How Slow Knowledge can save us in the Information Age.
The difference between information and wisdom.
We are living in an era of free information that can be transferred at a near instant. We are inundated with statistics, articles, images and facts that in their essence define our modern culture.
The twentieth century has seen the rise of global connectivity unlike ever before, causing the lines of community to blur. You can chat with your friends in Portugal or China in seconds – sharing the bits and pieces of your lives that feel relevant to one another.
This is having a polarizing effect on our thinking.
On the one hand our thoughts and information when derived from the same sources and beginning to homogenize faster than ever before. The rate of acclimation and learning of new technology – like Pokemon GO for example, is within days. On the other hand there is a burgeoning sense of global responsibility, wherein acting locally is deeply interconnected to the planetary life web.
The sheer increase in the velocity of knowledge is widely accepted as evidence of human progress. However a lot of the “ailments that we face as a contemporary society can be attributed to knowledge acquired and applied before we had time to think through it carefully.”
We we’re so excited about the discovery of oil that we never had time to discover problems related to burning it – like acid rain or climate change. We rushed into high-input agriculture without considering its effects on erosion or the social costs it would have on displacing farmers or human health.
Our economy is driven by what David Orr calls fast knowledge. It rests on these assumptions:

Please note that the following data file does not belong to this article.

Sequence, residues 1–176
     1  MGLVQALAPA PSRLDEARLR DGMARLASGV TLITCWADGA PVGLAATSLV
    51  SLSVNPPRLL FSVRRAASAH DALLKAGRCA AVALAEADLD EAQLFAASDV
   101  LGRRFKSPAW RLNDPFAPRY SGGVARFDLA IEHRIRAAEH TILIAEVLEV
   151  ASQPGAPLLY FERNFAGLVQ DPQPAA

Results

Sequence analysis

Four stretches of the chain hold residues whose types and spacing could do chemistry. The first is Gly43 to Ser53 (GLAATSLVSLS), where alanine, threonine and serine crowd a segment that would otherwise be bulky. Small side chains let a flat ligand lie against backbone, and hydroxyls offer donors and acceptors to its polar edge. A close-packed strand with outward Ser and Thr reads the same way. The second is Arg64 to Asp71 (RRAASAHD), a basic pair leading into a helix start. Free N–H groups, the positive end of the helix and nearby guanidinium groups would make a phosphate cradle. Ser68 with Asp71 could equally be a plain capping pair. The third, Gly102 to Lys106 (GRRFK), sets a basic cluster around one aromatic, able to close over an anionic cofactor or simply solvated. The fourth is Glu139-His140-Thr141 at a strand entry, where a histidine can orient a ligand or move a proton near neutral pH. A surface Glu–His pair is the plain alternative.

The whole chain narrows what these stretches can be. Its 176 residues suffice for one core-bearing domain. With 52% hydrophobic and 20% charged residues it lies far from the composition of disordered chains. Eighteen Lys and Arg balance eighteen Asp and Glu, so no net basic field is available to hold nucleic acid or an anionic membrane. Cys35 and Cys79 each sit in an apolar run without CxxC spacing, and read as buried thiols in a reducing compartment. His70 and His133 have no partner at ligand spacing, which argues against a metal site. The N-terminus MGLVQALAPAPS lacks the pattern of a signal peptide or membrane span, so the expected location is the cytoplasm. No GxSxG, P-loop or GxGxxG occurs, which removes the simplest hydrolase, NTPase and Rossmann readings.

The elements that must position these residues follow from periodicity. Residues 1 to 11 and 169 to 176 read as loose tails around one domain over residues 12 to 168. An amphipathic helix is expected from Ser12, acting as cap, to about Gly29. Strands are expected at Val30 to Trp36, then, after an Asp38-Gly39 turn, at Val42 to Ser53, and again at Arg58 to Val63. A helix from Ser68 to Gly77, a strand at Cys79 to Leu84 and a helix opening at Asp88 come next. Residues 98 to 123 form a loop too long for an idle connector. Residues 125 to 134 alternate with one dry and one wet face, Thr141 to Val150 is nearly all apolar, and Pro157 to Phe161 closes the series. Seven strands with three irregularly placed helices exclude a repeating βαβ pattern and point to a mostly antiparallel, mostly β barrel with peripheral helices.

- Only that which can be measured is true knowledge
- The more we have the better
- Knowledge that lends itself to use is superior to that which is merely contemplative
- The scale of effects of applied knowledge is unimportant
- there are no significant distinctions between information and knowledge
- Wisdom is an undefinable, hence unimportant category.
- There are no limits to our ability to assimilate growing mountains of information, and none to our ability to separate essential knowledge from that which is trivial or even dangerous
- We will be able to retrieve the right bit of knowledge at the right time and fit it into its proper context
- We will not forget old knowledge, but if we do, the new will be better than the old
- Whatever mistakes and blunders occur along the way can be rectified by yet more knowledge
- The acquisition of knowledge carries with it no obligation to see that it is responsibly used
- All knowledge is general in nature, not specific or limited by particular places, times and circumstances
These assumptions are effective and powerful – they are what keep the powerful in power. They each play a role in reshaping the way we do research and makes changes to education, community, culture, lifestyle, transportation, weapons and politics. They must be measurable in order to be legitimate.
Fast knowledge is the accumulation research into quick action. Its what we call as designers “prototyping.” For this reason prototypes are precisely useful. They allow you to test a guess without causing irreversible damage. What we’ve seen over the last century is a lack of proper testing without asking the right questions – resting on the assumption that more is better.
This is a direct threat to sustainability for two reasons.
- The application of fast knowledge generates complicated problems much faster than we can identify and respond to them.
- The organization of knowledge by minute division of labor further limits our capacity to comprehend the effects we’re having on whole systems when the application of fast knowledge in one are creates problems somewhere else at a later time.